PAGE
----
[or how my effort to characterize the raspberry pi camera sensor made me design a spectrometer]
In a previous note I described my efforts to create a well characterized multispectral camera. At the end of the post I mentioned that to accomplish this task I needed the spectral response curve of the sensor chip in the raspberry pi camera. Having this spectral response curve would allow for more sophisticated inverse modeling of vegetation characteristics.
The spectral response of any imaging sensor (or most of them anyway) is determined by the formula used on the microlenses in the bayer filter. In practice every imaging sensor is monochrome, it's only by adding this bayer filter, a checkerboard of tiny red/green/blue filters alternatively overlaying all pixels, that you can extract color from your imaging sensor. Sadly, most spectral responses of the imaging sensors are corporate secrets it seems. This being said, this doesn't mean you can't measure it!
Measuring the spectral response of a sensor is generally done using a monochromator, a light source which emits a particular wavelength, and a spectrometer, a device to measure the intensity of that light source in function of wavelength. Here the monochromator emits light of a known wavelength which is simultaneously measured by the spectrometer and the imaging sensor. The spectrometer provides a true intensity measurement at this wavelength while the imaging sensor provides an intensity measurement for every bayer filter colour at this particular wavelength. If we cycle through all wavelengths the output of such an analysis are spectral response curves, showing the sensitivity of each bayer filter component colour across all wavelengths.Although this methodology is sound finding a monochromator is rather hard. Yet an alternative approach exists. Below you can see the spectral response of a canon 40D as measured by maxmax.com using a monochromator, this is what I'm aiming for.
A monochromator uses a diffraction grating to split a known light source into it's component wavelengths. This same diffraction grating is not selective and at any given time outputs all light components only at a slightly different angle. The monochromator only passes the desired wavelength, as shown below (left image).
So, in theory we could use a diffraction grating to do all the work for us without the intermediary and elusive monochormator! However, the transmission properties of a diffraction grating are wavelength dependent. This is the reason why in an ordinary (monochromator / spectrometer) setup you need to measure the true intensity as well as the image sensor response simultaneously. The only way to calculate the spectral response curve of the sensor is to factor in the wavelength dependent transmission properties of a grating. For most classroom gratings these properties are not described, but when ordering from an optical instrument builder they are!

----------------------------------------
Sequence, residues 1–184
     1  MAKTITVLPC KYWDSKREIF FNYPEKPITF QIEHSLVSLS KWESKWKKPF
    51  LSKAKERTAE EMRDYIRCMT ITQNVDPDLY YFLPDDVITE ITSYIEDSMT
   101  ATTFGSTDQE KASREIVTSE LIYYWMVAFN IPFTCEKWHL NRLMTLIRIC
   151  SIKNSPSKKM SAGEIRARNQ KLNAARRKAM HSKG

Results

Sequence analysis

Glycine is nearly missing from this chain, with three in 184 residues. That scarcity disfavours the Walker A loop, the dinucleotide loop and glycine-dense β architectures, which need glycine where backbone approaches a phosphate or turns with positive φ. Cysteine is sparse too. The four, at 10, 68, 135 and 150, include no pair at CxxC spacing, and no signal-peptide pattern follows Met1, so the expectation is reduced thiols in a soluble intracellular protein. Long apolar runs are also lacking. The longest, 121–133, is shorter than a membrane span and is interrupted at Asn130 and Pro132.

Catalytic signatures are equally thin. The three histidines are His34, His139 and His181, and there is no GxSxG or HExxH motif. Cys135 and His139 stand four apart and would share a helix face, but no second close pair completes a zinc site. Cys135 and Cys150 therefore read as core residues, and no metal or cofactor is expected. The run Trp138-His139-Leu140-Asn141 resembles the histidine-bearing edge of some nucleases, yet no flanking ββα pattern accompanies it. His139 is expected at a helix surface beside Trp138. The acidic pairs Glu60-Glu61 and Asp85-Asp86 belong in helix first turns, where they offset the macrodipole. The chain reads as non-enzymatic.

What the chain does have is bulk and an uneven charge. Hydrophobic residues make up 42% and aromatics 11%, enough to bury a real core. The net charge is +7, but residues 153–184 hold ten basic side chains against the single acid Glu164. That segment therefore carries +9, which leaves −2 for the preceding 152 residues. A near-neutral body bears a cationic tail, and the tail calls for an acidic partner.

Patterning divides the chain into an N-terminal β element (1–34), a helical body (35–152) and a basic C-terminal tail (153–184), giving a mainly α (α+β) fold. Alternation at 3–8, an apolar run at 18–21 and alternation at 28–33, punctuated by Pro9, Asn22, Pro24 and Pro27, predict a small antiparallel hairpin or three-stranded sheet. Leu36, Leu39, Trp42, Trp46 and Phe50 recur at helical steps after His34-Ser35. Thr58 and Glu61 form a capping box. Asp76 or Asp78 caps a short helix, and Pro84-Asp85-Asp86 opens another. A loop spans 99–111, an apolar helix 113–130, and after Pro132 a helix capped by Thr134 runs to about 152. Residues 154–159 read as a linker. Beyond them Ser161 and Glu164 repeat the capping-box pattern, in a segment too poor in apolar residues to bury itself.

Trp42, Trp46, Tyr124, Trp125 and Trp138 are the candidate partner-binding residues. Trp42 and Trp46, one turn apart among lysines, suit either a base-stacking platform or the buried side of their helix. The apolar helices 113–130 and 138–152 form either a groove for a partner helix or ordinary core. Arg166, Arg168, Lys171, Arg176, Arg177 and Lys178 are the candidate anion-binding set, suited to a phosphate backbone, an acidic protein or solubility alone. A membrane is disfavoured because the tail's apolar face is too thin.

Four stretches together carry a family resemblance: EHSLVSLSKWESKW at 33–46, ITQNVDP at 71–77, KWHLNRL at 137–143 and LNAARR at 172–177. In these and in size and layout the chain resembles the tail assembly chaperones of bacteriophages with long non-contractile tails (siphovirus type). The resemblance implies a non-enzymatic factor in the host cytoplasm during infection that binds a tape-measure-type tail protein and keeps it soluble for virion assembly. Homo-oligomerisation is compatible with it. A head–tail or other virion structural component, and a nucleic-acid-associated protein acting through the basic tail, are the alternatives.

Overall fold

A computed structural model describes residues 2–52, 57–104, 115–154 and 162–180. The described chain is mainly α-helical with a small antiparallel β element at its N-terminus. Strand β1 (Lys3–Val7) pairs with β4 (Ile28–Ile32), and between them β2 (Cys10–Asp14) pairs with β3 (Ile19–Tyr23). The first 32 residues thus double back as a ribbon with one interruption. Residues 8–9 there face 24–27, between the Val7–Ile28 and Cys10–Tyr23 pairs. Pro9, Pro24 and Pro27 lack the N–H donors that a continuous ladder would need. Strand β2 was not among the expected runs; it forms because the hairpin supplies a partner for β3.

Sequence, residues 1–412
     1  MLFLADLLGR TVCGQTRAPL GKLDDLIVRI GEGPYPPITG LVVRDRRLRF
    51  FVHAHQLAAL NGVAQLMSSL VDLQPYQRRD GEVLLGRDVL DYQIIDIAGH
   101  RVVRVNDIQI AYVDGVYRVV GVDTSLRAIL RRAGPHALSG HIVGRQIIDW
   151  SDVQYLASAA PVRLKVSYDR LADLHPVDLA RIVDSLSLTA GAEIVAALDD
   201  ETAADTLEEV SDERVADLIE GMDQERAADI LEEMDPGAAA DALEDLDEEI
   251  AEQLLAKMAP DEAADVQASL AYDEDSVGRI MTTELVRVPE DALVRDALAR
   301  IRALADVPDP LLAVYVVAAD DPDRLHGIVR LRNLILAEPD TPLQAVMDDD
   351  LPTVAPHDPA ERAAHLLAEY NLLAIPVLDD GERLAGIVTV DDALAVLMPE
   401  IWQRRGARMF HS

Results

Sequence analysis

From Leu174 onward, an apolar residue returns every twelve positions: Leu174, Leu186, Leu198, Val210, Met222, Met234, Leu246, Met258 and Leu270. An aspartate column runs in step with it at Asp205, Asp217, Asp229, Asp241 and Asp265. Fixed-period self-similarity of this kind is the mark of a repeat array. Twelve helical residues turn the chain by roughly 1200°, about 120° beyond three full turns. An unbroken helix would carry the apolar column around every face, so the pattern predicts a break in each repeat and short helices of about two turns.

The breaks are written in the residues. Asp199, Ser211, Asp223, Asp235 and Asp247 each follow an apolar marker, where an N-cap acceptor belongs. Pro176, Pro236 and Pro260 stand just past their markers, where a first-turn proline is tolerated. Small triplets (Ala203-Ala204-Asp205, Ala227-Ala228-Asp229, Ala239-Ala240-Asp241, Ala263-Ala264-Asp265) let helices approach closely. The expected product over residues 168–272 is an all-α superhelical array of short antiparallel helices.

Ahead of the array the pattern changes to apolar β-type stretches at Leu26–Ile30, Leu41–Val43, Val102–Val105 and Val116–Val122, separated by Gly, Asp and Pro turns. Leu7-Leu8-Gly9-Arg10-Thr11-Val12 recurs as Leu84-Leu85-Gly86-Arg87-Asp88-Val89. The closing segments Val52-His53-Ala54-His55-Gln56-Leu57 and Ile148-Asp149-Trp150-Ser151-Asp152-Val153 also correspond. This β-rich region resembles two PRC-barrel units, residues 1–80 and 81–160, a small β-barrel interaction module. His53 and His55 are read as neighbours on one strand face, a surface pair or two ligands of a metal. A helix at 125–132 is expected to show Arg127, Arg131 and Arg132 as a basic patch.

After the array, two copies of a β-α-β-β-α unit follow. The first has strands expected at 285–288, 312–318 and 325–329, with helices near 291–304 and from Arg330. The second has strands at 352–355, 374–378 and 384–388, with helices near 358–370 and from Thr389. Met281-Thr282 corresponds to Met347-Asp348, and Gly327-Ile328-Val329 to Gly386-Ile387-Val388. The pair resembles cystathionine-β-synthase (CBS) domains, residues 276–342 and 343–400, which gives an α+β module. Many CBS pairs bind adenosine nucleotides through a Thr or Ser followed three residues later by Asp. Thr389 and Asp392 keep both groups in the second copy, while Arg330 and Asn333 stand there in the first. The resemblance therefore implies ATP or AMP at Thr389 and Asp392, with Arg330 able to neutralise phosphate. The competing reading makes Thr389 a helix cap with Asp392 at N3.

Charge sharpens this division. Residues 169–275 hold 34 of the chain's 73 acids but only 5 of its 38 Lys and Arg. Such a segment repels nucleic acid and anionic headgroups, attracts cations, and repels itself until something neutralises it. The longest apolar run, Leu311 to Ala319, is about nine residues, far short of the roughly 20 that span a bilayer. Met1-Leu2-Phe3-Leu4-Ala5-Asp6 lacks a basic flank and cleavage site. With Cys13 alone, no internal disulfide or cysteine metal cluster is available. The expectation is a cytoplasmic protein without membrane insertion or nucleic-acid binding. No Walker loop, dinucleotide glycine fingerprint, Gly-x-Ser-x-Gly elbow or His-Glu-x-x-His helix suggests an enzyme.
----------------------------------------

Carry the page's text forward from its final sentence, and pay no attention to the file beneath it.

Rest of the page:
In short, given a known light source (characterized using a spectrometer), a cheap but characterized grating it is possible to get a crude approximation of the spectral response of any imaging sensor using one image (well two actually as you need to calibrate the relative location of the spectrum - using a CFL light for example)!
The accidental raspberry pi spectrometer
As mentioned above a diffraction grating splits light in it's wavelength component (intensities). This is the basic spectroscopy principle. However, the angle of the diffracted light as it 'exits' the diffraction grating is dependent on the number of slits (grooves) in the grating. To correctly align any sensor (preferably parallel) with the grating and register the diffracted light a little math is required.
For a diffraction order m, given an incident beam of light at angle sin(ti), a given wavelength l and a slit density d; a diffracted beam will exit at an angle sin(td) according to:
d [ sin(ti) - sin(td) ] = m \l
or in function of the 'exit' angle:
td = asin(m*d \ l + sin(ti))
Using this relationship we can calculate the incident angle at which the the exiting light at a given wavelength will be orthogonal to the grating (or parallel to a sensor), or alternatively the angle at which the detector should be placed.
Using the above equation I ran an analysis for a set number of incident angles and wavelengths to extract the overall diffraction properties for a 300 lines/mm and 1351 lines/mm grating (a professional Thorlabs grating and DVD grooves respectively). The figures from the analysis you can find below.
Optimal grating angles, where the diffracted light exits orthogonal to the grating (going straight into a sensor) is calculated to be ~12 and ~67 degrees for (300 and 1351 lines/mm respectively).
I'll be using a 300 lines/mm grating at a 12 degree angle in my design. Some drafting in FreeCAD has rendered me an intial design of a raspberry pi spectrometer. I have yet to laser cut the design, but I have all the parts so some time next week. So rather soon I'll be able to put everything together and calculate the spectral response curves of the raspberry pi camera sensor, which is rather exciting!